I. Or Saxe-Altenburg, a sovereign duchy of the German empire, bounded by Prussia, Saxony, Weimar, Meiningen, Rudolstadt, and Reuss-Gera, the last of which divides it into two parts, the E. division constituting Alten-burg proper and the W. Saal-Eisenberg; area, 510 sq. m.; pop. in 1871, 142,122. It is traversed by spurs of the Erzgebirge, and in the west by ridges of the Thuringian Forest. The principal rivers are the Pleisse and the Saale. The duchy contains several large lakes and mineral springs, extensive forests in the west, and coal mines in the east. It is among the richest in Germany in agricultural products, especially in rye and wheat; a great many cattle are raised, and the horse and sheep are of superior breed. Wild boars and deer abound. The manufactures are leather, woollen cloths, hosiery, linen goods, wooden wares, and brandy. The duchy joined the North German confederation in 1866, where it had one vote, which it also has in the empire. The local legislature or diet consists of one chamber with 30 members. The present duke, Ernest, who succeeded his father in 1853, is a general in the Prussian and a major general in the Saxon army. In former times the duchy belonged to the Osterland, and was ruled by the margraves of Pleissen. In 1803 it was divided into two principalities.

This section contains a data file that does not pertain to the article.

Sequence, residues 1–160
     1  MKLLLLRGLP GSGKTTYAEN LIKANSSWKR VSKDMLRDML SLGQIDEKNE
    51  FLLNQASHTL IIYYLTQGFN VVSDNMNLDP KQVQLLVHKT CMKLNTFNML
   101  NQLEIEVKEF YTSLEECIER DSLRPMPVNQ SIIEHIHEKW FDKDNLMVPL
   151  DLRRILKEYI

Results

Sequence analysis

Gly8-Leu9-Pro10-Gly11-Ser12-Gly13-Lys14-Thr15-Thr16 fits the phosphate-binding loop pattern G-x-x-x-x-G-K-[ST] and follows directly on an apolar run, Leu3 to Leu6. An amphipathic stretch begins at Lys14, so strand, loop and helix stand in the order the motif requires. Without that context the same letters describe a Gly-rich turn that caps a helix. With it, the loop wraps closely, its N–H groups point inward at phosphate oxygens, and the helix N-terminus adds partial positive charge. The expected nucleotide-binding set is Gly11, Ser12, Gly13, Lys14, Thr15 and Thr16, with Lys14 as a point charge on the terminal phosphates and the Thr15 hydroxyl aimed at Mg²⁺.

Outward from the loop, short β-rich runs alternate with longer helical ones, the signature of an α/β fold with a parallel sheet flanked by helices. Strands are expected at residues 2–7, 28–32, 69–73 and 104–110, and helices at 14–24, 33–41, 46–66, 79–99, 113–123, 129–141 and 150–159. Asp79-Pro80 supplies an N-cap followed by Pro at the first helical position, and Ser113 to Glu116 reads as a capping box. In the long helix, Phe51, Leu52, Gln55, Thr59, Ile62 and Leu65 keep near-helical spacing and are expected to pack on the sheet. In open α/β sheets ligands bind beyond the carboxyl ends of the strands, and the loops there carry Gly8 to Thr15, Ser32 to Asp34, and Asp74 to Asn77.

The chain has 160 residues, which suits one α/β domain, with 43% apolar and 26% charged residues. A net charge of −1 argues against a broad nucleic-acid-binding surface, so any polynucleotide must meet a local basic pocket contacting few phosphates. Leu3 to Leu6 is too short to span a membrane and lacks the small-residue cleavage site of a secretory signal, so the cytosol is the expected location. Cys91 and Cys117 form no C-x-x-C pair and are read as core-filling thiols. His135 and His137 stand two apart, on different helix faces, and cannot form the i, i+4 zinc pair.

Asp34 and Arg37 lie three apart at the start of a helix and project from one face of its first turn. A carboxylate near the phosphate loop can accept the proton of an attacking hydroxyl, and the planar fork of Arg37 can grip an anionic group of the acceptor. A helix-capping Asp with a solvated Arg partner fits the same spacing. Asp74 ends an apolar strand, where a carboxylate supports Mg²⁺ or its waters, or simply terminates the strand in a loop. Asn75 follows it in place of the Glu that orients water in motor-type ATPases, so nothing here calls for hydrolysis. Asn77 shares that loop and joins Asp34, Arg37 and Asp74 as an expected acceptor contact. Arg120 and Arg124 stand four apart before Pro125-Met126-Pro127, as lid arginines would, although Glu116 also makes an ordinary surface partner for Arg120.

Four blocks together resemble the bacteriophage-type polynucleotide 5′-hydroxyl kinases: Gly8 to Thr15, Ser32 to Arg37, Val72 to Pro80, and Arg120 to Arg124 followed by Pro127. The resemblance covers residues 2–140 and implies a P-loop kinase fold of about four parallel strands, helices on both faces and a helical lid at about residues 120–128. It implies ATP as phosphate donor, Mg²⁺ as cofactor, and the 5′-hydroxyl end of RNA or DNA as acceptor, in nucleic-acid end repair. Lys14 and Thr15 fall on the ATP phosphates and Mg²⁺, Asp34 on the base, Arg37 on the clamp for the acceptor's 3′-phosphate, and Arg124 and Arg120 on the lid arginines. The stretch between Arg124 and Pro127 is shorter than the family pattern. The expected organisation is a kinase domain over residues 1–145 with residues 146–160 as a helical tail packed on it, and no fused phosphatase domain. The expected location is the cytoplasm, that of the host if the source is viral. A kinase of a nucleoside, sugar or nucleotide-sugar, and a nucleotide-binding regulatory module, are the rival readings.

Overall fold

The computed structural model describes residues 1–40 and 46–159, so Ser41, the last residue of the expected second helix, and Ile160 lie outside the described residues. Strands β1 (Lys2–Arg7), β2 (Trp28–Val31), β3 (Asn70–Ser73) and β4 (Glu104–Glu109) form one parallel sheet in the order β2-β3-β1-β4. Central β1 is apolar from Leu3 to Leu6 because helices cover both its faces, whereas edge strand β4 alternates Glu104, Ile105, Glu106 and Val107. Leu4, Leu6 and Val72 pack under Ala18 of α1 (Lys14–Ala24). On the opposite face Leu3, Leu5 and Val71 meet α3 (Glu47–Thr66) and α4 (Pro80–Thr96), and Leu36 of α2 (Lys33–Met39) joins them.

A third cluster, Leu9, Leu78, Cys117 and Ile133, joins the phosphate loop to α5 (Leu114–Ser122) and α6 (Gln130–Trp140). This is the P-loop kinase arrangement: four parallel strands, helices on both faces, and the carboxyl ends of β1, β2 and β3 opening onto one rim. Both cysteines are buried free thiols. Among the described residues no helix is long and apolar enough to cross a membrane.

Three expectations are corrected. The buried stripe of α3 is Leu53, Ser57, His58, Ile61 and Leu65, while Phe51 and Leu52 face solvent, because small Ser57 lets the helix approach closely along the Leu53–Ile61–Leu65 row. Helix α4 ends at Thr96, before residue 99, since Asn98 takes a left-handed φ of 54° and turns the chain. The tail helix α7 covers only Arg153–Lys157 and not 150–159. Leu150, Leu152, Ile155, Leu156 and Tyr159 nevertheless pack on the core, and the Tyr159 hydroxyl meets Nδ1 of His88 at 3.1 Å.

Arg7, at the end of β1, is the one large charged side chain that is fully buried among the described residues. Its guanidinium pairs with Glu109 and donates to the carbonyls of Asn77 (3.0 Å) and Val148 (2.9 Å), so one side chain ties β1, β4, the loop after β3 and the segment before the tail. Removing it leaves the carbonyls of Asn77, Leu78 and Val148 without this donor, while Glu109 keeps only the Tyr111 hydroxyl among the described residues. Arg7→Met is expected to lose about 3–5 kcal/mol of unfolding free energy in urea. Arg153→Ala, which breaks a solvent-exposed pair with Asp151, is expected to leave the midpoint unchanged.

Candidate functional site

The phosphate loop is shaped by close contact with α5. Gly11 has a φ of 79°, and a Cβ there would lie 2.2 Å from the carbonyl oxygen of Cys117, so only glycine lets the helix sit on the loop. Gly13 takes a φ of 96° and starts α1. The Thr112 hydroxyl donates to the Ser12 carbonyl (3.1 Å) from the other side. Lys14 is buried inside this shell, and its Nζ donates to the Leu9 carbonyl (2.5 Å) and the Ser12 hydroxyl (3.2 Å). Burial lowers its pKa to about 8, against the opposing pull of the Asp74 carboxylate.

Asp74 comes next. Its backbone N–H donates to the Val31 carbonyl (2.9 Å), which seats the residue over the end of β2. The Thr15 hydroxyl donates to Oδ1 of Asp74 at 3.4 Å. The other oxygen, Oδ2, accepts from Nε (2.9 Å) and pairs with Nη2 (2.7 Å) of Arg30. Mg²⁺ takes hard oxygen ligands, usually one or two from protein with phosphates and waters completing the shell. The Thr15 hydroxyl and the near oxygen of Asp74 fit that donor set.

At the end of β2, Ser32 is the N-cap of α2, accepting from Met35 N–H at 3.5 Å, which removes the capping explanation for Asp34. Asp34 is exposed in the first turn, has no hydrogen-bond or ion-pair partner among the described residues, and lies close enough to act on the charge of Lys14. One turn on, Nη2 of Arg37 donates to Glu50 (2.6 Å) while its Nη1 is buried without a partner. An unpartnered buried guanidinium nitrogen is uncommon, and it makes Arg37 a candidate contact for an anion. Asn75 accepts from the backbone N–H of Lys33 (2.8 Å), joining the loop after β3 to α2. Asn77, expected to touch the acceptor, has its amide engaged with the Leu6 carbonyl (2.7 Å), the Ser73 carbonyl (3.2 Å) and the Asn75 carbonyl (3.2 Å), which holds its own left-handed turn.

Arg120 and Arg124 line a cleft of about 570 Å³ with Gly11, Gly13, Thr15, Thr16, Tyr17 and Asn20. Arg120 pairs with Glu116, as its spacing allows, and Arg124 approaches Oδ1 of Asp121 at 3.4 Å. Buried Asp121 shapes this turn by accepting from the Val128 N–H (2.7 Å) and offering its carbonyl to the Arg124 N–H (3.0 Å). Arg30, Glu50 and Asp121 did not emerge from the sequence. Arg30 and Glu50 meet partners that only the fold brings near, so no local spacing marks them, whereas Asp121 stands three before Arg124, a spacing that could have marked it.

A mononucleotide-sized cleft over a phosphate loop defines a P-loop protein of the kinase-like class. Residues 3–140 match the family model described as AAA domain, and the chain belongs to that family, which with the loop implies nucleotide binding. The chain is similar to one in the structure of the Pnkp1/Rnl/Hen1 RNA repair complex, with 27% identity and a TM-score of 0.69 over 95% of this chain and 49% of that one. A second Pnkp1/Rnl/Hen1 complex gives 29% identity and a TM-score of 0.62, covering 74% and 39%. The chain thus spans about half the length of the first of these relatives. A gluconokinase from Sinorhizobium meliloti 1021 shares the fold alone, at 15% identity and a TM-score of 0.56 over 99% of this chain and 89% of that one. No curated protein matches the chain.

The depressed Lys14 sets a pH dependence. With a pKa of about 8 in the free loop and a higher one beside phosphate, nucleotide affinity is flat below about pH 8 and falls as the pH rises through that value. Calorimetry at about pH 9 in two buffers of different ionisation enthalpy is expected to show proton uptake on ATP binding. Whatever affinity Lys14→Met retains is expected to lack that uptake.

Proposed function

In 1826 it assumed its present territorial form. The inhabitants are chiefly Wends by descent, and many in the rural districts retain the antique costumes. II A city, capital of the preceding duchy, situated on the Pleisse, 24 m. by railway S. of Leipsic; pop. in 1871, 19,966. It is well built, and contains many churches, a museum of painting and statuary, a gymnasium, and a great number of educational and literary institutions. The most celebrated public building is the palace, situated on an escarped rock. Altenburg has manufactories of cigars, gloves, brushes, and haberdashery, and an important book trade. It was for some time an imperial city. In 1430 it was almost destroyed by the Hussites.